You enter through a dim lobby with dark-gray, Surrealistically curved walls and ceiling. The lobby leads to shapely ground-floor galleries and offers the choice of a cylindrical glass elevator or a hundred-and-five-foot escalator—low-impact thrill rides—to the vast, columnless third floor, which is beautifully illuminated by automatically adjusted blends of natural and artificial light. The interior walls stop short of the skylight-riddled ceiling, conveying a temporary and flexible character. The vault portion of the building occupies the second floor. You catch sight of it through glass walls when you descend a hushed, snaking, umbilical-like stairwell: a cavernous space of racks and equipment, yielding glimpses of art works at rest between shows. It’s a nice touch, like a backstage pass at the opera.
Broad, now eighty-two, and Edythe arrived in L.A. in 1963, from their home town of Detroit. The son of a union organizer who came to own dime stores, Broad started a home-building firm that ascended to the Fortune 500, as did a subsequent startup in financial services. (A how-to-succeed memoir, published in 2012, shares his secret in its title, “The Art of Being Unreasonable.” His friend Michael Bloomberg wrote the introduction.) Edythe introduced him to art, hesitantly. She wanted an Andy Warhol soup-can print, but worried that her husband would be appalled by the price: a hundred dollars. (They later parted with $11.7 million for a soup-can painting.) In 1972, they bought a van Gogh drawing, but Broad tired of it and arranged a swap for a rugged early painting by Robert Rauschenberg. The couple’s taste gravitated to Pop art—they own thirty-four works by Roy Lichtenstein—and to socially conscious, left-liberal sensibilities. (“I’m not as liberal as I used to be,” Broad told me, when I spoke with him at the museum, but he remains a Democrat.) He is rare among collectors in possessing abundant terrific works by the late Leon Golub, a painter of white-mercenary criminality in developing-world locales. The museum’s inaugural show presents a large charcoal drawing, by Robert Longo, from a photograph taken last year in Ferguson, Missouri, in which police advance, at night, in a fog of tear gas.
Once committed to collecting, the Broads anchored their holdings with canonical works by Rauschenberg, Jasper Johns, Cy Twombly, and Ellsworth Kelly. Twombly and Kelly aside—and excepting a more recent fondness for Albert Oehlen and Mark Grotjahn—they shied from abstraction, and skated lightly over Conceptualist art of the nineteen-seventies. In the eighties, the Broads went in big for neo-expressionist and Pictures Generation artists, notably Jean-Michel Basquiat and Cindy Sherman. (They own a hundred and twenty-four pictures by Sherman.) The German artists Joseph Beuys, Anselm Kiefer, Georg Baselitz, and Thomas Struth are also strongly represented, and recent New York stars in the collection include Christopher Wool, John Currin, Glenn Ligon, and Kara Walker. But, with the prominent exceptions of Ed Ruscha, John Baldessari, Mike Kelley, Chris Burden, Charles Ray, Robert Therrien, and Lari Pittman, the Broads have braved local exasperation by not going out of their way to boost L.A. artists.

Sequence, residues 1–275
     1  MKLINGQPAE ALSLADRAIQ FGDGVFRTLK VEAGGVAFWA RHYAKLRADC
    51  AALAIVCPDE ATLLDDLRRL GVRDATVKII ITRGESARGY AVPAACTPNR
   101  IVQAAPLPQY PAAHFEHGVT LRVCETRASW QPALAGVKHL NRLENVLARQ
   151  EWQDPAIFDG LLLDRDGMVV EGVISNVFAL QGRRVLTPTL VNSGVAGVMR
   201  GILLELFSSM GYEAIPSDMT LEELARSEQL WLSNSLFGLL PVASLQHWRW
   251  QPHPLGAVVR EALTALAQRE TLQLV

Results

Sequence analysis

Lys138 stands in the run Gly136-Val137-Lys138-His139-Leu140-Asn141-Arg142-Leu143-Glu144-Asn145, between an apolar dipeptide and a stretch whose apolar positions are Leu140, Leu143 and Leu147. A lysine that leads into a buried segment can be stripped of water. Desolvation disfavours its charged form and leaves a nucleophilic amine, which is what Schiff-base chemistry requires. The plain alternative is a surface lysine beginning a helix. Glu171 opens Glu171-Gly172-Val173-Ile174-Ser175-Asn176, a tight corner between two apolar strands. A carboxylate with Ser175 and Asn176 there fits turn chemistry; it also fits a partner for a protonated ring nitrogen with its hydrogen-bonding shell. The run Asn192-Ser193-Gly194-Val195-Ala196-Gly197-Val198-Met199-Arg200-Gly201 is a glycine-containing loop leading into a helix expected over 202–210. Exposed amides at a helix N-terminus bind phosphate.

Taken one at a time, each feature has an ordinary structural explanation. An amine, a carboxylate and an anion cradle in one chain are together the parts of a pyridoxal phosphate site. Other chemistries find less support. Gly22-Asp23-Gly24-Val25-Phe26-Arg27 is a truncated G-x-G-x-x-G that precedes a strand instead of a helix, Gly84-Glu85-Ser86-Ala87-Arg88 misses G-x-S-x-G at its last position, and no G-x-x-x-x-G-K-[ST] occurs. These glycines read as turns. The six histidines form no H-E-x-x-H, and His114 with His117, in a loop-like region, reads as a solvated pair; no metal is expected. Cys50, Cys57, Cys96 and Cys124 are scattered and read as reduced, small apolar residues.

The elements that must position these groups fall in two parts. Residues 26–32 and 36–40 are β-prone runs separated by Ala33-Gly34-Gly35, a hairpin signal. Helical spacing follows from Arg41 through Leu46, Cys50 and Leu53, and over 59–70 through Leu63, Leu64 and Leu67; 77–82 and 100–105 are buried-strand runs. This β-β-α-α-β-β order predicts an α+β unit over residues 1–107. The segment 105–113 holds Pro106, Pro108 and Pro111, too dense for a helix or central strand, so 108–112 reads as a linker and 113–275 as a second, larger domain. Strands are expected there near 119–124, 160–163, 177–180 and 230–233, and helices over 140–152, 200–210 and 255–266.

There’s not much installation art on view, but there is one gem: “The Visitors” (2012), by the Icelandic artist Ragnar Kjartansson. The piece consists of nine gorgeous, hour-long video projections, placed at odd angles in a dark room, of as many musicians, sitting in separate rooms in a dilapidated mansion, and noodling with a love song. The exquisiteness of sight and sound and the pathos of the musicians’ shared loneliness brought tears to my eyes when I first saw the piece, at the Luhring Augustine Gallery, two years ago. Would that happen again, during a note-taking tour of a jam-packed museum? It did.
Broad’s favorite contemporary artist seems to be Jeff Koons, whose works he owns in profusion—from encased vacuum cleaners, floating basketballs, and a stainless-steel inflated bunny to a huge, color-tinted, stainless-steel rendering of tulips and the inevitable balloon dog. Broad came to Koons’s rescue in the nineties, at a tough time—financially and personally—for the artist, and paid a million dollars for several future works that he waited years to receive. He calls Koons’s output “bold and theatrical,” words that could well be engraved on a cornerstone of the museum; Broad adores punch. The sometimes bitterly voiced controversies that surround Koons seem to concern him not at all. It’s in Broad’s nature, when crossed or confronted, to plow forward with undeterred aplomb. He appears immune to grudges, seldom keeping for long the enemies he can’t help but make. (A history of scraps with Frank Gehry, in particular, has not obviated expressions, at least in public, of amity on both sides.) Koons’s sunny disposition and shame-free panache suit Broad, as does his work’s insouciant symbolizing of oligarchic noblesse oblige. Why would anyone gainsay immense wealth when looking at the delightful things that may be done with it?